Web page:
August 31, 2011
Bill Keller, the Executive Editor of The New York Times opined last Sunday that he would like to ask candidates for public office (and particularly the Presidency) tougher questions about their faith than have been asked in the past. He shows understanding of the complexity and interweaving of the evangelical right among Christians in this country while wanting to ask the same kind of questions that were asked of John Kennedy when he ran for public office as a Roman Catholic. Are you going to follow the Pope or the Constitution? Keller also wants to know whether or not a candidate will allow her or his religion to lead them to beliefs contrary to “serious science and verifiable history”, and whether or not she or he will serve as a “Trojan horse for a sect that believes it has divine instructions on how we should be governed.”
I wish him well in the task of sorting out the role of religious faith in the public square. Phrases and ideas that are common parlance among large swaths of conservative Christians can sound like fanaticism to those outside those circles without in fact revealing the speaker as a religious fanatic. In general I prefer leaders who have convictions about God that give rise to a degree of genuine humility. That is what I listen for, along with a genuine concern for the poor and downtrodden that includes at the moment and in particular the jobless and the uninsured. I think debates about the role of government and economic policy are useful, but not as a smokescreen for what appears to be fear-based and selfish greed. There is a joke that is told in the mountains that ‘an environmentalist is someone who has already built his mountain home.’ “I’ve got mine and I’m going to protect it from the likes of you (who might mean that I will pay higher taxes)” is ugly-think and not worthy of those who would be followers of Yahweh, Jesus or Allah.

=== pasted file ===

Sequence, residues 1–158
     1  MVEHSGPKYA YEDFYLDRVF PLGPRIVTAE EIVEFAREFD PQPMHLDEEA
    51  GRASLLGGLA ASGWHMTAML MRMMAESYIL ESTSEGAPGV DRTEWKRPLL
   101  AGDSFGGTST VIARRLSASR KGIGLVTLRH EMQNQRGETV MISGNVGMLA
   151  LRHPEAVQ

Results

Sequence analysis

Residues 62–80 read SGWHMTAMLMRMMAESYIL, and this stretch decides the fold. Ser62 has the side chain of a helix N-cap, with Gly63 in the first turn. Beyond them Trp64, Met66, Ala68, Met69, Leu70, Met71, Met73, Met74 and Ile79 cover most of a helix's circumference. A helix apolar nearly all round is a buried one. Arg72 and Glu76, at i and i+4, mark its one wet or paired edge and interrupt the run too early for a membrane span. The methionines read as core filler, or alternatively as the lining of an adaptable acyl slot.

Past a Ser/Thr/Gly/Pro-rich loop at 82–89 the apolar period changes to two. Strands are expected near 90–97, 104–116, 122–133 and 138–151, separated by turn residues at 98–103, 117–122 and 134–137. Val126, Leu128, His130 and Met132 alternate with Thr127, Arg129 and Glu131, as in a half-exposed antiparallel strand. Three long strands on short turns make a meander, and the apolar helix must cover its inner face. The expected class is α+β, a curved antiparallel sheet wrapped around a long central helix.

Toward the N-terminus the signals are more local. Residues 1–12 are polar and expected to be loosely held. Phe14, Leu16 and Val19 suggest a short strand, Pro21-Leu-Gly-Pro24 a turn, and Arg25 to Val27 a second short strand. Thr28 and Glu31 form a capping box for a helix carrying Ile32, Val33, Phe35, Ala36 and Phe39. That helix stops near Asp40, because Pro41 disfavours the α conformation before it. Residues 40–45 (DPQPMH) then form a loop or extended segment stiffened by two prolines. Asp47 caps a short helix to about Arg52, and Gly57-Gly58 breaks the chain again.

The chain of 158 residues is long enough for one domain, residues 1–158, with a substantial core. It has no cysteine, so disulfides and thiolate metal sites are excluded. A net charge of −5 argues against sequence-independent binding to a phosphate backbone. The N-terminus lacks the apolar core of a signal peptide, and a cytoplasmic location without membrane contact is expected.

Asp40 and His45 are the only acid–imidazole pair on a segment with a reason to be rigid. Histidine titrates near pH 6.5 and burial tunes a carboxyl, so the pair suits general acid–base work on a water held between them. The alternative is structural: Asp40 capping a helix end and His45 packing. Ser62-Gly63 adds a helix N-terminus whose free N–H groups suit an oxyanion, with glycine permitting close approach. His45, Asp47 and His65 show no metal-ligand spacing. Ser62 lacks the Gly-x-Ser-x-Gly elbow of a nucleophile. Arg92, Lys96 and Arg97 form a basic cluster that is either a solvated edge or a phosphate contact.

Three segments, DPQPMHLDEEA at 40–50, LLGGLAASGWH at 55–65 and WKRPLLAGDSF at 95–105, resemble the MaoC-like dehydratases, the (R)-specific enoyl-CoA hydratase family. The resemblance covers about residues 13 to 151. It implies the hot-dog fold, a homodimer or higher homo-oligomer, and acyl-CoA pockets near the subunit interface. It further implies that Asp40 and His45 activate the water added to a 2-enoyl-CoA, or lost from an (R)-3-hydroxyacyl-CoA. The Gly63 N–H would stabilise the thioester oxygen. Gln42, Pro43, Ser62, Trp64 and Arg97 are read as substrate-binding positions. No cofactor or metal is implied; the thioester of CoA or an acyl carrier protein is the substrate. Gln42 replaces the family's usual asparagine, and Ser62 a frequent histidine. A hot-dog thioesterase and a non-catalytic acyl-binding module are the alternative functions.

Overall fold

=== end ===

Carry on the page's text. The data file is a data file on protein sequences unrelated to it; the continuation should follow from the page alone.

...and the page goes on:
In this regard we must note that tea party sweetheart and republican Presidential ‘hopeful’ Michele Bachman has referred explicitly to the recent earthquake and hurricane on the East Coast, saying “I don’t know how much God has to do to get the attention of the politicians.” She said that this was God’s way of underlining the “roaring of the American people”. She later said that she was speaking in a “humorous vein” about serious matters. The humor eludes me. The ‘roaring’ does not.
While I disagree profoundly with the solutions of the political right, I share the sense that much of the West has gone off the rails when we think that we can fight wars and leave our children to pay for them, when we spend and spend on ourselves and then justify doing nothing in the near term for the jobless in a recession which requires a measure of government spending calling it ‘austerity’ and so on. I share the sense that we have somehow lost our way and that it is a moral issue.
The chief rabbi of England (technically chief rabbi of the United Hebrew Congregations of the Commonwealth) and a person whose thinking I have long respected is called Jonathan Sacks. He has argued persuasively in The Wall Street Journal that we have lost a sense of “self restraint and pursuit of the common good”. He believes that in much of Europe and even the United States, religion is a thing of the past and there is “no counter-voice to the culture of buy it, wear it, flaunt it, because you’re worth it.” I don’t agree with him in every detail (Niall Ferguson, now an historian at Harvard, far from being “one of our great British exports to America”, is someone I would be more likely to put in the embarrassment column based on some of his unfortunate articles in Newsweek,) but will be thinking about his argument and insight in particular as we prepare for the reflection that must come with the tenth anniversary of the attacks of 9/11/2001.